Internet Law

“Revenge Porn” Reform: A View From the Front Lines

Written by: Mary Anne Franks

Abstract The legal and social landscape of “revenge porn” has changed dramatically in the last few years. Before 2013, only three states criminalized the unauthorized disclosure of sexually explicit images of adults and few people had ever heard the term “revenge porn.” As of July 2017, thirty-eight states and Washington, D.C. had criminalized the conduct; […]

The Song Remains the Same: What Cyberlaw Might Teach the Next Internet Economy

Written by: Kevin Werbach

Abstract The next stage of the digital economy will involve trillions of networked devices across every industry and sphere of human activity: The Internet of the World. Early manifestations of this evolution through on-demand services such as Uber and Airbnb raise a host of serious legal questions. The stage seems set for a decisive battle […]

Clark S. Splichal, Recent Development: Craigslist and the CFAA: The Untold Story

Craigslist Inc. v. 3Taps Inc., 942 F. Supp. 2d 962 (N.D. Cal. 2013) Craisglist Inc. v. 3Taps Inc., 964 F. Supp. 2d 1178 (N.D. Cal. 2013) There is one area in which Craigslist Inc. appears particularly invested these days: its legal bills. Notoriously cutthroat, this online classified marketplace has steadfastly clung to its bare-boned business […]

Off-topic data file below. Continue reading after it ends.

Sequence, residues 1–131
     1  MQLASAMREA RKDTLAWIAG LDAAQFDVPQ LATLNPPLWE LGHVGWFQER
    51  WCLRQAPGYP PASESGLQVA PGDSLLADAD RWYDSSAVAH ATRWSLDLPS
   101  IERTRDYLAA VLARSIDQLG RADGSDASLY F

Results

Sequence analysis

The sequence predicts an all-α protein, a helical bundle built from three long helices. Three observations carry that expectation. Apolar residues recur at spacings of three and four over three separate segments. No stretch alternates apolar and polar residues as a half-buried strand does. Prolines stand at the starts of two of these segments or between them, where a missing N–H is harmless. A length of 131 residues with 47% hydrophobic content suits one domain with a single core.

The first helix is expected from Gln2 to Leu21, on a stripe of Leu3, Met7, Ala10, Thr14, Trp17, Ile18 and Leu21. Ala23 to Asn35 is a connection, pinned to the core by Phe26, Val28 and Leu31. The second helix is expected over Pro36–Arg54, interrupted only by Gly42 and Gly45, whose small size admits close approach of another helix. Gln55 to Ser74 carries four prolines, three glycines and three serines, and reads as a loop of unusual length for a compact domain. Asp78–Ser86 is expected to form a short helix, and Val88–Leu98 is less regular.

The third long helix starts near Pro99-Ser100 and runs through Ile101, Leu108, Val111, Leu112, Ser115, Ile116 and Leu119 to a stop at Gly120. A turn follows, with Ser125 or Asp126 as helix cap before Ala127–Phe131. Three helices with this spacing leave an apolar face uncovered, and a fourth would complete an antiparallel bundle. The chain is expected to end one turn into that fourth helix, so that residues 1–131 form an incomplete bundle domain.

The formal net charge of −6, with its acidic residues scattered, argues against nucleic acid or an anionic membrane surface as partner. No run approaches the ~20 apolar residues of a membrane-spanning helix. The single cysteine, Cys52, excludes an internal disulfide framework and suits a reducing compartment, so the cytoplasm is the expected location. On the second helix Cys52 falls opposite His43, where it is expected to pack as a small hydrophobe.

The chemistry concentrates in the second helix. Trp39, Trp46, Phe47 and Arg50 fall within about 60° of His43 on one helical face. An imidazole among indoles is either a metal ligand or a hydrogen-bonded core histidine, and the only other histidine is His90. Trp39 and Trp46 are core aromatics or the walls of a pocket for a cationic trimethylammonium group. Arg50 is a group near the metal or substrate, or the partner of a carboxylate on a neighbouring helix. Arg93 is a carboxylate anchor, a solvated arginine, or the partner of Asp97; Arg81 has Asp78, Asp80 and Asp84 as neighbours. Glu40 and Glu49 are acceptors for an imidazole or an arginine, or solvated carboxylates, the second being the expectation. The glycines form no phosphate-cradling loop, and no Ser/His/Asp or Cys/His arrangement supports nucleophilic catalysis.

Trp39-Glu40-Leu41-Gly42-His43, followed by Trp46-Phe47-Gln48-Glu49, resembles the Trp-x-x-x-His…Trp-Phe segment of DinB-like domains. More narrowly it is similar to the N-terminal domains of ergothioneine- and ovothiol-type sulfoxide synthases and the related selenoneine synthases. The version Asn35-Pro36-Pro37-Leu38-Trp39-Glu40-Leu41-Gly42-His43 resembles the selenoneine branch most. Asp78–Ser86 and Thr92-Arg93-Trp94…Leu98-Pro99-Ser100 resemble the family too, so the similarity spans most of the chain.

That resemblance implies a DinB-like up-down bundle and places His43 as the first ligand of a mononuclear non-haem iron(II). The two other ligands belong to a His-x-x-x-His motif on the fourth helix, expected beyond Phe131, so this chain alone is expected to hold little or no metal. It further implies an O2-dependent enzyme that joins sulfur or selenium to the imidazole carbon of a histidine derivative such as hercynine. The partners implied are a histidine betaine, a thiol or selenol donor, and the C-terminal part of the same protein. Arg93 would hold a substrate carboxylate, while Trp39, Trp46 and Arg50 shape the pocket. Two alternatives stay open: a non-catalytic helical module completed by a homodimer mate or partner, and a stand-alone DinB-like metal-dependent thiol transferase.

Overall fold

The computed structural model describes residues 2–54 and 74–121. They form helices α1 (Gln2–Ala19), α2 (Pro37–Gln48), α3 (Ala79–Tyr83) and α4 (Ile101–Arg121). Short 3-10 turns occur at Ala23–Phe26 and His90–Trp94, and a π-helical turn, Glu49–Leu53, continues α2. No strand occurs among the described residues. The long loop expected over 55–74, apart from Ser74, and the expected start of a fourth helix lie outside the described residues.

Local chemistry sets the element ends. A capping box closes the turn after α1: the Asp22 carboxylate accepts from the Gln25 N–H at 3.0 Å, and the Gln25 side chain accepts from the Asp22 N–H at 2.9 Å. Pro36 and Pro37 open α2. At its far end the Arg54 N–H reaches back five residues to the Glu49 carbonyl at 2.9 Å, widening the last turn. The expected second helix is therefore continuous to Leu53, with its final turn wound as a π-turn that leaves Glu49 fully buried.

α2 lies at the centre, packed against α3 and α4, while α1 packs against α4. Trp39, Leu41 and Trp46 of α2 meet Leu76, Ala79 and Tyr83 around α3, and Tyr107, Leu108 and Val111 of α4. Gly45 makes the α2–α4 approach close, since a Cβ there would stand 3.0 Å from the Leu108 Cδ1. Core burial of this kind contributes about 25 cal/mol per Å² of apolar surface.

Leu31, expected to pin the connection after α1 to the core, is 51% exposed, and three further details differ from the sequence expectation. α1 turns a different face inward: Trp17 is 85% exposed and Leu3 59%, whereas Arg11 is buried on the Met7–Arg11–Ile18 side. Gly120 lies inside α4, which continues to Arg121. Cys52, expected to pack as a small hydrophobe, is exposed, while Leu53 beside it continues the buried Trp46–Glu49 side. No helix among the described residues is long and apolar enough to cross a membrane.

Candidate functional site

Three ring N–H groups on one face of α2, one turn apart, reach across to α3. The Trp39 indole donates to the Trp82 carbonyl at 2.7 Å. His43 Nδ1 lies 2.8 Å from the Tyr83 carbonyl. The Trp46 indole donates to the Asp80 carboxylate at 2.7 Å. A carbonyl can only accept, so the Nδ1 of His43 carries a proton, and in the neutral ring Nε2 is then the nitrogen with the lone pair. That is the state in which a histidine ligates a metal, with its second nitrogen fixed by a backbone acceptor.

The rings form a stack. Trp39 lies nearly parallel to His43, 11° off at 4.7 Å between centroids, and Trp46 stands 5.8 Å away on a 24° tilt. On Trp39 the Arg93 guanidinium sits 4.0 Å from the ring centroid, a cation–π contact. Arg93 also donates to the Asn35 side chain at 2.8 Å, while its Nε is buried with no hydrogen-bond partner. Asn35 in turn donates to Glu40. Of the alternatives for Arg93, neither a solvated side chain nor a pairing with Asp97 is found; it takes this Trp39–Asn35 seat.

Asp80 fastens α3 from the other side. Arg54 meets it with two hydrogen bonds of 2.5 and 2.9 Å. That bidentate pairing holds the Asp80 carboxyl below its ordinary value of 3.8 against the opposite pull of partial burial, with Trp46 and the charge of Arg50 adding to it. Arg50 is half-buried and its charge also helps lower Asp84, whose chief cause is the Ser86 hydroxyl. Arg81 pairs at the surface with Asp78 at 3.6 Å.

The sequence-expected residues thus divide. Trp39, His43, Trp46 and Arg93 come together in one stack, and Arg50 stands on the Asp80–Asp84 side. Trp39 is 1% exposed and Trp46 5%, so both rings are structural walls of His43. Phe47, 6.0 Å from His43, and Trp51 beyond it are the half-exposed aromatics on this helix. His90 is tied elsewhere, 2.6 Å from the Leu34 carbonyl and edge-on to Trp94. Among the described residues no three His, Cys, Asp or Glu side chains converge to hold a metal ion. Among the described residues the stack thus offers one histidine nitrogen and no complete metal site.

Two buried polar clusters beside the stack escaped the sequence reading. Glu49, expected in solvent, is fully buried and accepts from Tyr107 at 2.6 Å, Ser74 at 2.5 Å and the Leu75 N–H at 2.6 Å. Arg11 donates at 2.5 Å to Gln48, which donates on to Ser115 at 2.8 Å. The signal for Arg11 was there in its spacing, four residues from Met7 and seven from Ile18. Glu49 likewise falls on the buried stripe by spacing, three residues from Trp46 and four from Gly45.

Annemarie Bridy, Internet Payment Blockades

Abstract Internet payment blockades are an attempt to enforce intellectual property rights by “following the money” that flows to online merchants who profit from piracy and counterfeiting. Where corporate copyright and trademark owners failed in the legislature and the judiciary to create binding public law requiring payment processors like MasterCard and Visa to act as […]

Aubrey Burris, Hell Hath No Fury like a Woman Porned: Revenge Porn and the Need for a Federal Nonconsensual Pornography Statute

Revenge porn is the term used to describe an intimate image or video that is initially shared within the context of a private relationship but is later publicly disclosed, usually on the Internet, without the consent of the individual featured in the explicit graphic. This nonconsensual disclosure is generally fueled by an intent to harm, […]

Michael Polatsek, Extortion Through the Public Record: Has the Internet Made Florida’s Sunshine Law Too Bright?

In recent years, privately owned websites around the country have begun to gather arrest records directly from law enforcement websites and republish them on their own sites. Often, the images are displayed without regard to the ultimate disposition of the arrestee’s case. Images and arrest records of individuals who were eventually convicted or acquitted are […]